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Discussion in 'Serial Number Search' started by Old_Paddler, Oct 26, 2020.
Posted on Craigslist near Worcester, Mass.
Is a build sheet available?
Not answering your question but I do have a comment: Looks like it’s in great shape. I have a ‘72, 16 footer that I bought new with my dad. It has spent too much time in the sun and suffers from micro cracks on the outside and broken gunnels. Still, it is my favorite for beating around, loaning out or taking nervous passengers. I also don’t mind dragging it up on shore or occasionally dropping it while trying to lift it up on the rooftop rack. . It is crazy stable and resilient. It even survived being crushed under snow one winter. (Lesson: don’t store it hull up, on the ground and outside under the eaves in winter.)
I see some design improvements in the model you’re asking about. Mine has a very flat, flexible bottom which means that when two people are paddling an empty canoe, the ends dip down, the middle flexes up and so it is “Hogged”. It plows a bit but the hull flexibility also makes this boat very stable. The ‘74, 17 footer seems to have a more V shaped hull which probably makes it a little stiffer, a little less stable and more efficient to paddle.
I wouldn’t have any hesitation acquiring it but am definitely NOT in the market.
The Old Town canoe with serial number 206325 is a 17 foot long Chipewyan Tripper model with aluminum inserts in the rails that weighed 77 pounds. It was built in February, 1975. The original exterior color was green. It shipped on April 28th, 1975 to Athol, Massachusetts. The back side of the record indicates that there were some scuffs on the hull. Scans showing both sides this build record can be found below.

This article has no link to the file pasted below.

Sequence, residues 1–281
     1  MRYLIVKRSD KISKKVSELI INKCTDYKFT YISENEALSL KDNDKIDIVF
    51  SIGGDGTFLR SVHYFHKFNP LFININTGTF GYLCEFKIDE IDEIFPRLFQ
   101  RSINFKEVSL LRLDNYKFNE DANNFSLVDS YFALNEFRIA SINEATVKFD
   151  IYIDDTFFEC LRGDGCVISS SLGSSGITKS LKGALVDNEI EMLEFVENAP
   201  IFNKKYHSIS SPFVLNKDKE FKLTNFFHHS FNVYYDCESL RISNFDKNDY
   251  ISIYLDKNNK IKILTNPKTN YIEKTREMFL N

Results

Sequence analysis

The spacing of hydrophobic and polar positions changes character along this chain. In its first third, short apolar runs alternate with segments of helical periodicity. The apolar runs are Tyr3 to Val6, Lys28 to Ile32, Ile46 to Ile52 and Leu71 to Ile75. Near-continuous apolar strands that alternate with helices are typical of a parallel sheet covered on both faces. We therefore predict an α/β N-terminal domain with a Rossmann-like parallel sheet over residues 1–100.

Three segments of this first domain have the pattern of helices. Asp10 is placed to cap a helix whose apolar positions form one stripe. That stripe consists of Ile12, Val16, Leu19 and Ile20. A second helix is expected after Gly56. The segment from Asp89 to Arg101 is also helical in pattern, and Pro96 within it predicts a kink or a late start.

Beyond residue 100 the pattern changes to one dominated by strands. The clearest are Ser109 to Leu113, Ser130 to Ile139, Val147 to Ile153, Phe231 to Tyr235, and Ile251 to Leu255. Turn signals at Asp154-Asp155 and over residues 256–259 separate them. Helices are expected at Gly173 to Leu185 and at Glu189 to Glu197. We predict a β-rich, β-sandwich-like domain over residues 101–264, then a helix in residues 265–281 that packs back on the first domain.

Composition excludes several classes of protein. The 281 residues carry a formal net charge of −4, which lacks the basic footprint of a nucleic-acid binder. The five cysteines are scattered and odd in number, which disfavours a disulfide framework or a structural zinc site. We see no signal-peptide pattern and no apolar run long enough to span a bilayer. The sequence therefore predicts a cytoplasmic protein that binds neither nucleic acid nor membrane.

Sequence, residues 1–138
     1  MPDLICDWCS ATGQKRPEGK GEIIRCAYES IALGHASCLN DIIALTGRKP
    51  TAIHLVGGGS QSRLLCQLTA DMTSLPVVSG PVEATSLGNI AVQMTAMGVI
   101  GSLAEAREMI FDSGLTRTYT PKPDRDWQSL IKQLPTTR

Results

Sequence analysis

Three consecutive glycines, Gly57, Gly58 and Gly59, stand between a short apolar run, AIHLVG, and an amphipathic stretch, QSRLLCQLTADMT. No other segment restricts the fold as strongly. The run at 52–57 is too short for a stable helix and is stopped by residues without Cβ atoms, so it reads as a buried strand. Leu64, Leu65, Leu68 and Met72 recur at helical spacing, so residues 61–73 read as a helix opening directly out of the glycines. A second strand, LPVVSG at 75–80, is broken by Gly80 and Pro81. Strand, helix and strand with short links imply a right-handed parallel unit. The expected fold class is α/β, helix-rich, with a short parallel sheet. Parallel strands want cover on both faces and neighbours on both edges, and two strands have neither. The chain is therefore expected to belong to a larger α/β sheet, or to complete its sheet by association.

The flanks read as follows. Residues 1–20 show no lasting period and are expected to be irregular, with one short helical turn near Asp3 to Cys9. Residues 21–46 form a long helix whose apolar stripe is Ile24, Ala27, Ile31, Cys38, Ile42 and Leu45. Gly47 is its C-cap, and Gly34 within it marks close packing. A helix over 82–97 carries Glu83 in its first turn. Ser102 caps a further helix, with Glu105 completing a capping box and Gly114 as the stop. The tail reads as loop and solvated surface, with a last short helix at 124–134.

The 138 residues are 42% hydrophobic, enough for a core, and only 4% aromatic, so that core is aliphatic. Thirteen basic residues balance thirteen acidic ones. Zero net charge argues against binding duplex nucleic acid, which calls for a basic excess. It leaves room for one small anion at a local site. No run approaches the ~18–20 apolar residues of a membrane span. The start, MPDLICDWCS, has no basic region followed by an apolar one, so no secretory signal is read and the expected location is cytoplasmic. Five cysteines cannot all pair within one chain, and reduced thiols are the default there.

These scans and several hundred thousand more were created with substantial grants from the Wooden Canoe Heritage Association (WCHA) and others as you probably know well. A description of the project to preserve these records is available at http://www.wcha.org/catalogs/old-town/records/ if you want more details. I hope that you will contribute, join, or renew your membership to the WCHA so that services like this can continue. See http://www.wcha.org/about-wcha to learn more about the WCHA and http://www.wcha.org/store/membership to renew.
It is also possible that you could have another number or manufacturer if this description doesn't match the canoe. This one has a light green interior color and the earliest ones were white. The rose bushes in the pictures are conveniently hiding the areas on the ends of the hull which usually have the greatest wear. Feel free to reply here if you have any other questions. Good luck,
FYI, the bottom on a Tripper still tends to bounce like crazy and hog. I remember complaining to Old Town about it once, as bouncy bottoms are bad for speed and glide. Their reply was "Yes, some people put a sheet of plywood in the bottom to help hold it down." My reply was "One 70 lb. canoe and one 30 lb. sheet of plywood equals one 100 lb. canoe." On the good side, if there is one, such mushy bottoms tend to resist really deep scratches from running over rocks, as they just flex away from them.
Jon, I'm not interested in it for myself either, just trying to help the seller.
Benson, thank you, will pass this on to the seller.
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